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Facebook Plans to Launch Watch-Like News Tab

Facebook wants to launch a dedicated tab within its app to aggregate content from news publishers, CEO Mark Zuckerberg revealed during a conversation with Springer CEO Mathias Doepfner Monday morning. Plans for the news section are still in early stages, according to Zuckerberg, who said that the company was looking for input from the news industry. “We don’t want to build this in a vacuum,” he said.

Zuckerberg likened the planned news tab to the way the company has broken out video in its Watch tab, which is aggregating video from a number of publishers, some of which are producing video exclusively for the platform. Facebook Watch “has started to really grow quickly,” Zuckerberg said. “We’ve decided that there really is an opportunity to do something like this with news as well.”

Zuckerberg didn’t share many additional details, and said the company was still trying to figure out how to balance curation with aggregation of the sources a user was already following. He also suggested that the company was looking to give publishers new ways to make money. “There is a real opportunity to have better monetization for publishers than we have today at news feed,” he said.

He cited Facebook’s news subscription efforts as evidence that the company was looking to support the industry financially, but also had to admit that these efforts haven’t been very impactful yet. “That’s off to a reasonable start. There is lots more to do there,” he said.

Facebook’s commitment to double down on news comes after the company began to de-emphasize news articles in its main news feed to re-focus on personal connections between its users. Those changes, instituted in early 2018, resulted in a 20% drop of news content shown to its users, according to numbers shared by Facebook executives shared at the time.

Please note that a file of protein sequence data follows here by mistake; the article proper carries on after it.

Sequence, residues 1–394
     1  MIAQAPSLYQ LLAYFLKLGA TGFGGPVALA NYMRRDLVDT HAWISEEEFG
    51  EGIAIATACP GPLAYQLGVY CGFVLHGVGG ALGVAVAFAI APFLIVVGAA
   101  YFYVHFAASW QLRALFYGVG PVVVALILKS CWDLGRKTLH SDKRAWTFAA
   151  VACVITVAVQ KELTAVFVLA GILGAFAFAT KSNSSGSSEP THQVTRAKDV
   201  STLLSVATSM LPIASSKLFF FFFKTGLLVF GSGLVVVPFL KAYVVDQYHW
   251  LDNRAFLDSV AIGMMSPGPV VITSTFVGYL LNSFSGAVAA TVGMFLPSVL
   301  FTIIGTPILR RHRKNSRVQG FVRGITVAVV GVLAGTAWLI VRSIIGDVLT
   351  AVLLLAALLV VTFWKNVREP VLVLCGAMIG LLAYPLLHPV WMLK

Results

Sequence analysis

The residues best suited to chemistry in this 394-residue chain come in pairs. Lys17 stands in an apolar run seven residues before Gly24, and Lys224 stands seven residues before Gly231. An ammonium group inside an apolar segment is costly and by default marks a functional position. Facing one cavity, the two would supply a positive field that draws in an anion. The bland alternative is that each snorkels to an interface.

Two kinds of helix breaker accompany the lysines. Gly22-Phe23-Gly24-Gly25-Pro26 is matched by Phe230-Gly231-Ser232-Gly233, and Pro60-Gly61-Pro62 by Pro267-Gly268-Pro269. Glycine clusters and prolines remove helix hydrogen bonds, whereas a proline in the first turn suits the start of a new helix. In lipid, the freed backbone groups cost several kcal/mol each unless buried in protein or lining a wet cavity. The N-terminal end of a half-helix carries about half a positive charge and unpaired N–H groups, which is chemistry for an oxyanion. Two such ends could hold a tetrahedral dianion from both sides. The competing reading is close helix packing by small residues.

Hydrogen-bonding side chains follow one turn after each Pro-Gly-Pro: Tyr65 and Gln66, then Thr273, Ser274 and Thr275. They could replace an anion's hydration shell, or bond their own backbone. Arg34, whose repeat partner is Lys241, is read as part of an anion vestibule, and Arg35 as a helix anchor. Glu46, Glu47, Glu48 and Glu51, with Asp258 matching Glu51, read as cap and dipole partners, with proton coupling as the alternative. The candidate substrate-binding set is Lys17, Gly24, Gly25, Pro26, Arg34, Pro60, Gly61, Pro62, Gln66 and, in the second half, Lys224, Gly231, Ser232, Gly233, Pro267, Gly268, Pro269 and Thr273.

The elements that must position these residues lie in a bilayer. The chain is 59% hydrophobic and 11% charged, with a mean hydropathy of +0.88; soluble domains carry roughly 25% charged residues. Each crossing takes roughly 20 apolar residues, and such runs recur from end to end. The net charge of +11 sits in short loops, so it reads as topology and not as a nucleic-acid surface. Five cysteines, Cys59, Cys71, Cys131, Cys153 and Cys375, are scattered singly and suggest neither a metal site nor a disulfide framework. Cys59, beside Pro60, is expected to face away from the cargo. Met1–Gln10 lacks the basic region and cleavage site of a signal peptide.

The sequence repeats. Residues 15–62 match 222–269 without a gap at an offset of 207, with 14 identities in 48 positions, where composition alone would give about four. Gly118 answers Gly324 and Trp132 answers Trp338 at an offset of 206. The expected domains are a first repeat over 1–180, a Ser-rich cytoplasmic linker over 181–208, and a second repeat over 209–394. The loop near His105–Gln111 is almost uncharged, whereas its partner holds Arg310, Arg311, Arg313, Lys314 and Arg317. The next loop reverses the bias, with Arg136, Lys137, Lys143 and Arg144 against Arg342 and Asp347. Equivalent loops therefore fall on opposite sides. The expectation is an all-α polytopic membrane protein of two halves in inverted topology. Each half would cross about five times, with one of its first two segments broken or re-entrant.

Facebook posted a video of Zuckerberg’s hourlong conversation with Doepfner Monday morning as a first of what is supposed to be a series of talks about the future of the internet and society. Doepfner was a bit of a polarizing choice to kick off the series: The Springer CEO has led the company’s foray into the digital space, but has also been a strong advocate of recent European copyright changes, commonly known as “Article 13,” that have been criticized by many as being harmful to the internet.

In his conversation with Zuckerberg, Doefner celebrated the European parliament’s recent passage of those changes, likening them to the compulsory licensing regimen the music industry has been working with for decades, and suggesting Facebook should adhere to similar rules.

Article 13 had gotten a lot of public push-back from Google in particular, with YouTube CEO Susan Wojcicki arguing that it would make it impossible for millions of users to upload content to her site, or to view content posted by U.S. creators.

But on Monday, Zuckerberg seemed open to embrace similar rules. “That’s definitely something we should be thinking about here,” he said with regards to Article 13, while also cautioning that “there is a lot of details to be worked out there.”

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